People keep getting on my case about needing to "stop stressing about the wedding." I know they are right, but truthfully, it's not the wedding that's stressing me out. It's maintaining my other life that is frustrating.

Being self-employed is hard enough, though I would never trade it for a 9-5. Still, I'm finding it impossible to get art created while I'm caught up in details -- and not just wedding details, but taxes, Quickbooks, returning phone calls and emails, designing posters, mailing posters, blah blah blah. Just the business end of music is a full-time job, and I seem to be falling further and further from the music business forefront.

Maybe it's time I went to grad school and wrote a book or something. That seems to be a popular choice these days.

I could be just in a funk though. Last week I laid down two scratch tracks at Peter's studio, so I guess that's a start.

Anyway ... back to business ... today's task: finish designing the posters for my May United Kingdom Tour, print them out, address envelopes. I'll mail them tomorrow. Isn't the life of a rock star glamorous?

Thursday, March 24, 2011

Street Corners, Neighbors, and our Local Councilman

Living in a nice, friendly neighborhood is great, but I often forget how many of us still hole up in our homes, giving barely a nod to acknowledge passers-by or other neighbors. It's not as bad as when I lived in New York, but it's still easy to live anonymously -- or at least pretend that you are. This morning I had a nice reminder that we share our living areas.

I was out with a cup of decaf (watch out, world!) gathered on a street corner at 7:30 am with several neighbors and our friendly Councilman, the ubiquitous Tom Owen. I'll spare you the details, but the essence is that our block is an accident waiting to happen. There's a wide turn, rather than a sharp corner, no stop sign, and cars FLY around the curve paying no heed to pedestrians or other vehicles. Since so many children live on the street, we've been hoping the city would listen to our pleas, which have included the signatures of just about every homeowner on the block. So we gathered there today to watch cars roll through stop signs while we chatted about the weather.

I must admit, I was impressed with our Councilman. I mean, I know he's a nice, well-liked man. He's been my councilperson for as long as I can remember, and I love seeing him out on his bicycle at all hours. I wasn't expecting much out of the morning's meeting, however, because I'd long-heard that the Councilman is not a proponent of speed humps or stop signs. I figured he'd shake our hands, count cars, and say there's nothing he can do.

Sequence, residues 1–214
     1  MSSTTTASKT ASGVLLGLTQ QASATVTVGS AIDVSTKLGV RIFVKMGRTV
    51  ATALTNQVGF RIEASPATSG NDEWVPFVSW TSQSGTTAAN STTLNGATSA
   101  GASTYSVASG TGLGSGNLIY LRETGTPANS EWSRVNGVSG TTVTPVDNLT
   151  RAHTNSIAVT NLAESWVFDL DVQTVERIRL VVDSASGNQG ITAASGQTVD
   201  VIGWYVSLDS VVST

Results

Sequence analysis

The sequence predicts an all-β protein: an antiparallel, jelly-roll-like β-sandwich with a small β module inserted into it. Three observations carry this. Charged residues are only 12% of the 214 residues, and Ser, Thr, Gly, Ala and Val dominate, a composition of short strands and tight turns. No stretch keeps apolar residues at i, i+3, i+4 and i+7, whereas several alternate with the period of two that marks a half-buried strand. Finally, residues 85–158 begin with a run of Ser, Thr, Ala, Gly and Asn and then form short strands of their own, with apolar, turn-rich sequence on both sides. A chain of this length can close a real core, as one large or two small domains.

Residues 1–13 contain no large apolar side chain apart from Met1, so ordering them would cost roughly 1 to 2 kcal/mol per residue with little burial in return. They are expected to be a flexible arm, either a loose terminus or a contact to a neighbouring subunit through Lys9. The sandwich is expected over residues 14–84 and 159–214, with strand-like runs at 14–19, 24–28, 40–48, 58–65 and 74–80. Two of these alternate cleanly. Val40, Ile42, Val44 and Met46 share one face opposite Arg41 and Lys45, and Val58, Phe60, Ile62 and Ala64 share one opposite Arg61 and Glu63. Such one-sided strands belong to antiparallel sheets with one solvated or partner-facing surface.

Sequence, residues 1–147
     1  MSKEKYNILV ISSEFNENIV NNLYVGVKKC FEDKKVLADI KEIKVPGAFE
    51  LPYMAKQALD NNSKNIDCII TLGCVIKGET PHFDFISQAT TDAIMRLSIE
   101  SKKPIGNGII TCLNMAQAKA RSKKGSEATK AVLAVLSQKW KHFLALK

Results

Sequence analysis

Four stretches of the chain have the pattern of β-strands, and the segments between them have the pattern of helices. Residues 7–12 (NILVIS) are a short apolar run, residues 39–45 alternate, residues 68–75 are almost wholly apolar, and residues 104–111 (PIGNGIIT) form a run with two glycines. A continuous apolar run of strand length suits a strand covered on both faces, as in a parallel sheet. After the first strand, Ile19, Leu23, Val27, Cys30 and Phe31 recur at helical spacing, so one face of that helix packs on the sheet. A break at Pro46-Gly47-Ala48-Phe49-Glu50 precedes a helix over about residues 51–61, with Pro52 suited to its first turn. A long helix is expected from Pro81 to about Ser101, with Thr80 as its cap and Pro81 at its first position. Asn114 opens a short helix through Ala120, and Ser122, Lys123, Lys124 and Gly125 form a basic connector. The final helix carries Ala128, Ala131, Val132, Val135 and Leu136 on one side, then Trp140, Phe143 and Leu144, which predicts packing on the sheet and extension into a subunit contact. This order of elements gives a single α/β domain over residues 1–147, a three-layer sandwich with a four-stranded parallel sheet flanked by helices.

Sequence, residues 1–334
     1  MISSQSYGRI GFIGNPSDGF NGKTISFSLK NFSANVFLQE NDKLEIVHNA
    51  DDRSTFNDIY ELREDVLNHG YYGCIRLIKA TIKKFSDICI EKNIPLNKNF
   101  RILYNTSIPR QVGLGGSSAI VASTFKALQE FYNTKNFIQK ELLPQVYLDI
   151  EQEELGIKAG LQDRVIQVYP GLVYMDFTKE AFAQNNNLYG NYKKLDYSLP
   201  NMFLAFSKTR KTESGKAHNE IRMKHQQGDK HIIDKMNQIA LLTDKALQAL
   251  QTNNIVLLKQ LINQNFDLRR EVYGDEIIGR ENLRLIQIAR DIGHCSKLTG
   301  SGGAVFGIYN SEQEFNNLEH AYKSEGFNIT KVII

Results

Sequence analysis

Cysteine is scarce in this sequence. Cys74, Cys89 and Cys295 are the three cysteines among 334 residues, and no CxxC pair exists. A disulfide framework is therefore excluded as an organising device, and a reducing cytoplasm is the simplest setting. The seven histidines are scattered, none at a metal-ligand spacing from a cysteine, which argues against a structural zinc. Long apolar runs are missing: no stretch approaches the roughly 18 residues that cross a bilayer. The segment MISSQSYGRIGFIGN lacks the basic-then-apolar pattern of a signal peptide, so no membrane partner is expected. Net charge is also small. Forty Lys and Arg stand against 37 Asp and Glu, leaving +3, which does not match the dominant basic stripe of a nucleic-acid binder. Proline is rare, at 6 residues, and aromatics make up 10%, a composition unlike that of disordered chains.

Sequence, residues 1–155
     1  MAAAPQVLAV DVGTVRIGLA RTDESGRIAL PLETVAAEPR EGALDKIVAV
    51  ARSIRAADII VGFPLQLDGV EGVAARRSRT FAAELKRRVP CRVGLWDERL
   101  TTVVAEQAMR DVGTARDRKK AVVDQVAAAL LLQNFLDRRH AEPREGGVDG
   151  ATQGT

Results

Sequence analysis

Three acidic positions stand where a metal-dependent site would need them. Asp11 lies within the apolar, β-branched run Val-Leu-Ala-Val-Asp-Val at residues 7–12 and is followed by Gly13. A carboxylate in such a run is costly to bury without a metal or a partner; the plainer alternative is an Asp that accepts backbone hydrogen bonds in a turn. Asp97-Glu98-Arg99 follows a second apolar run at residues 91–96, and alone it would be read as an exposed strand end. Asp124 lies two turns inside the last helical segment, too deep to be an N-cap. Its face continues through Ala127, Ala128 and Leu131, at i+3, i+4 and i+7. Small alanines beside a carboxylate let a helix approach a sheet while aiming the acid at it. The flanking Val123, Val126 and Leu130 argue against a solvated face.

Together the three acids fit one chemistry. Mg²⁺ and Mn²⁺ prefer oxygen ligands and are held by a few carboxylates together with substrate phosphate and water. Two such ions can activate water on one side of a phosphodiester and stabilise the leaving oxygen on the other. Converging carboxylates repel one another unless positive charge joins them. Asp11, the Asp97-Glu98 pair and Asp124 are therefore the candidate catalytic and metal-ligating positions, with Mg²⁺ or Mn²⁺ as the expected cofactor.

Really though, he took notes, asked questions, discussed potential solutions, and was very honest about budgets and possibilities. More than anything, he listened to our stories and ideas. I shouldn't be so amazed being that that is his job description, but it was a really nice reminder that government is there -- or at least supposed to be there -- to represent constituents like me. It's nice when people surpass your expectations, and it's sad that our expectations are so low.

Also, and I know this is sort of a selfish reason to respect the man, but at one point after we'd counted plenty of speeders, he turned to me and said, "Now Brigid, you have GOT to stop stressing out about this wedding." Then a schoolbus arrived and we all remarked how smart it was of the driver to pull into the middle of the street, preventing cars from going around the bus. Granted, FWT works in Metro government, so it's not too far-reaching, but I still never expected the Councilman to remember having met me, of all the people he sees on a daily basis. I meet tons of people when I'm out playing shows, and I have the hardest time remember them, even with the help of Facebook. Good thing I'm not in politics.

One final thing I learned from watching traffic between 7:30-8:00 ... since when did 9-5 jobs start starting at 8:00? Ouch.

Tuesday, March 22, 2011

Control issues, Show Thursday, and Starting on Time.

I'm playing on Thursday night at the Monkey Wrench as part of the Motherlodge Festivities. If you ask me what Thursday's show will be like, I will tell you that I don't know. I will also tell you that my control issues are flipping out because I don't know. Actually, I'm not sure if it's about control because I don't really care what the vibe or order of the show is. I only want to be forewarned. Is that the same thing? Control versus knowledge?